Ballymote (Baile an Mhóta) is a town in County Sligo in the northwest of Ireland. The town's population in 2016 was 1,549. It has a castle dating from 1300 but its main attractions are the prehistoric sites dotted around the surrounding countryside, the best known being Carrowkeel.
People born in Ballymote include two Field Marshals of the Holy Roman Empire, the brigadier general of a US Unionist regiment, and Father Wilfrid, the priest who founded Glasgow Celtic Football Club.
Get in edit
Trains from Dublin Connolly take approximately 3 hours to Ballymote via Drumcondra, Maynooth, Mullingar, Longford, Dromod, Carrick-on-Shannon and Boyle, and continue to Sligo. There are 7 M-F, 6 Sa and 5 Sunday. A walk-up single from Dublin is €20, see Irish Rail for timetables, fares and online tickets. 1 Ballymote station is 200 m west of main street: the ticket office is staffed M-F 07:00-15:30 and there are ticket machines and toilets.
Intercity buses fly past on the main road and don't serve Ballymote. Bus 977 runs twice M-Sa between Sligo, Collooney, Ballymote, Gorteen and Ballaghaderreen.
By road from Dublin follow M4 / N4 past Boyle to Castlebaldwin then branch west onto the lane.
Get around edit
You need wheels, the places of interest are scattered across the countryside with no public transport.
- 1 Ballymote Castle, Tubbercurry Rd (opposite railway station), ☏ . Ivy-clad shell of an enclosure or "keepless" castle built circa 1300, probably by Richard Óg de Burgh, 2nd Earl of Ulster, "The Red Earl". It was smashed up several times and already in a poor way by 1600, and it was definitively wrecked in 1690 at the end of the Williamite Wars. The ruin is imposing but not safe to enter.
- The Book of Ballymote was probably written at the castle in the 14th century - it's a compendium of early Irish legend and learning. The original is now held by the Royal Irish Academy in Dublin: it's not normally on display but there's an online exhibition. 200 copies have been created and there may be a display copy in a library near you.
- The Fighting 69th Monument is on Sligo Road R294 north of the railway station, at the entrance to town park. After the failed Young Irelander rebellion of 1848, several leaders escaped to the USA. From New York they campaigned for Irish independence, and organised Irish militia units which became adopted into the US Army, the bulk of them as the 69th Infantry Regiment (New York) in 1849. This regiment was heavily involved in the US Civil War and remains active, with over 250 years of battle honours. One notable general was Michael Corcoran, born in 1827 at Carrowkeel near Ballymote. In 1860 he faced court-martial for refusing to parade the regiment for the Prince of Wales' visit to New York. Charges were dropped because of his success in recruiting Irishmen to the Union cause, and he distinguished himself at the Battle of Bull Run and elsewhere. He was killed when thrown from his runaway horse in 1863, aged 36. The regiment's 1917 campaign in France was made into a film The Fighting 69th in 1940: the misfit hero Jerry Plunkett (played by James Cagney) is fictional but many other characters are real. In World War II the 69th served in the Pacific, culminating with Okinawa. In 2001 they were among the first responders to the 9/11 attack on Manhattan, and firefighter Michael Lynch who perished that day was from Ballymote. The Ballymote monument, unveiled in 2006 by NY Mayor Michael Bloomberg, depicts scenes from Corcoran's life. At its base is a small chamber containing a piece of steel from the World Trade Center.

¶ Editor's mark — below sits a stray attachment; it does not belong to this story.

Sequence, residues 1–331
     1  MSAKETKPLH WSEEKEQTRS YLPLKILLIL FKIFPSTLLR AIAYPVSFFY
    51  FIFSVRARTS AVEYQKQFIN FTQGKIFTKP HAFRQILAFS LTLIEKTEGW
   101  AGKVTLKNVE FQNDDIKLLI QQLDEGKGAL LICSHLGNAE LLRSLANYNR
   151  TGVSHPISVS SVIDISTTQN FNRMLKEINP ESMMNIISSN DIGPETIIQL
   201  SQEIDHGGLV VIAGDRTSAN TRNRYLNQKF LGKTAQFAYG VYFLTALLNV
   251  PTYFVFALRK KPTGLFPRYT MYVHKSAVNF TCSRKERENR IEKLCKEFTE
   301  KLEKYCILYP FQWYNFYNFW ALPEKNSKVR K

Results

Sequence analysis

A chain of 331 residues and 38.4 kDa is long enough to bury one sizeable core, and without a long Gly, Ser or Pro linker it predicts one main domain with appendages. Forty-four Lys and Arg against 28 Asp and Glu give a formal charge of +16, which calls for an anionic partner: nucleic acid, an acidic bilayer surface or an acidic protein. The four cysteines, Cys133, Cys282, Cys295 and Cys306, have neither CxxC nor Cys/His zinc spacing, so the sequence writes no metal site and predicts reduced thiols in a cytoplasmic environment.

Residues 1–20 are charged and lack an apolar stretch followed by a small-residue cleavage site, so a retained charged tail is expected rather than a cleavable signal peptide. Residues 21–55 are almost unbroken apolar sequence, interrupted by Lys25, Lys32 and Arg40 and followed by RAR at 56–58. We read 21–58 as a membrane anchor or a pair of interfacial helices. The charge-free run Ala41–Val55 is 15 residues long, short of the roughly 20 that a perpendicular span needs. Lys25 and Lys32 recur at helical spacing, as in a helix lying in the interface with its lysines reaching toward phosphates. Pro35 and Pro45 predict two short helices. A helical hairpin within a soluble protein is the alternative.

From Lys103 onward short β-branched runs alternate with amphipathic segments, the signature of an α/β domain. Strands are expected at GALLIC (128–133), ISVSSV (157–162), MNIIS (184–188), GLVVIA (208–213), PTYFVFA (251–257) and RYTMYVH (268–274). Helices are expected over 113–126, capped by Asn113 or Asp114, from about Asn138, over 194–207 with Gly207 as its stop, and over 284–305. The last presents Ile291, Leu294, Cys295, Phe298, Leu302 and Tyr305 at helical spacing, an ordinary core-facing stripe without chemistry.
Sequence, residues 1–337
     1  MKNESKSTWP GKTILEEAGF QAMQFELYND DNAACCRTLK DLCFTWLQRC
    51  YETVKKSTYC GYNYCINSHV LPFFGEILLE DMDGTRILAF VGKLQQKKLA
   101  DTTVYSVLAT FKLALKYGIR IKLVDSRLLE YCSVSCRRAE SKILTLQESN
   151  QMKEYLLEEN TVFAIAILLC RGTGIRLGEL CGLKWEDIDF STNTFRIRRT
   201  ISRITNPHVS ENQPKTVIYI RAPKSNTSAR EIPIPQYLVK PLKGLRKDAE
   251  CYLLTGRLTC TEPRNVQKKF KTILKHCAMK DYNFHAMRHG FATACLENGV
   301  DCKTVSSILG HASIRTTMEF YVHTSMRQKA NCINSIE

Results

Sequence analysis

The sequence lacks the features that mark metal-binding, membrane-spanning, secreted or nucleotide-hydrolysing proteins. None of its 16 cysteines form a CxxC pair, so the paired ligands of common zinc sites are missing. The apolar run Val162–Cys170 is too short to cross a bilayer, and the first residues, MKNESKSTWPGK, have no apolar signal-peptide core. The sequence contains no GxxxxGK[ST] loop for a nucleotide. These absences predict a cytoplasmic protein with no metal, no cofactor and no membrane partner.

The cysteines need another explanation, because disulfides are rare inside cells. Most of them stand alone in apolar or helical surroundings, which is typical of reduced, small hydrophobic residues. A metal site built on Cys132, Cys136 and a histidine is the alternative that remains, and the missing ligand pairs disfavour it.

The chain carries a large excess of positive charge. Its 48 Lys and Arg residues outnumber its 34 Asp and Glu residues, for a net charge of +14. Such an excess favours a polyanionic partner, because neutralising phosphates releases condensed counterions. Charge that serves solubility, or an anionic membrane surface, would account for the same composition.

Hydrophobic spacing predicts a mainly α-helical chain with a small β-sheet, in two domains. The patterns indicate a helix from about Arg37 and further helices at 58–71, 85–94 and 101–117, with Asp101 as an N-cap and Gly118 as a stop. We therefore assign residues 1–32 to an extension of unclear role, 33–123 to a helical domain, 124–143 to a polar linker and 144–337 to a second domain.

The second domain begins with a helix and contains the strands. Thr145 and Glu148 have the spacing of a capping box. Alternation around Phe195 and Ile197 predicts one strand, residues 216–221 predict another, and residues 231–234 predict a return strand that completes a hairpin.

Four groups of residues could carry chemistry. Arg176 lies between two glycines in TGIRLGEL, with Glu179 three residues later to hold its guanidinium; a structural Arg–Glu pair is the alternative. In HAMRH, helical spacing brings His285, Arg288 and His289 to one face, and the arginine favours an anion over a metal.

- 2 Eagles Flying (Irish Raptor Research Centre), Camross Rd F56 P089 (4 km northwest of town), ☏ . Apr-Oct daily 10:30-12:30 and 14:30-16:30. Large sanctuary for raptors, with many different species of eagles, hawks, falcons, vultures, owls. Flying demos start 30 min after doors open and last an hour. Adult €16, child €9.
- 3 Keshcorran Caves are in the side of a limestone outcrop off R295 and have yielded human and animal remains from the last Ice Age. You're free to explore them. They soon end blind but one folk-tale describes a woman being dragged by a stubborn calf into a cave in Roscommon, to emerge here. The 18th C artist Gabriel Beranger heard this tale and shrugged: "We believed it rather than try it".
- 4 Sligo Folk Park, Millview House, Riverstown F52 TX06, ☏ . M-F 10:00-17:00. Museum and theme park aimed at younger children, centred round a Victorian farmer's house. Adult or child €5.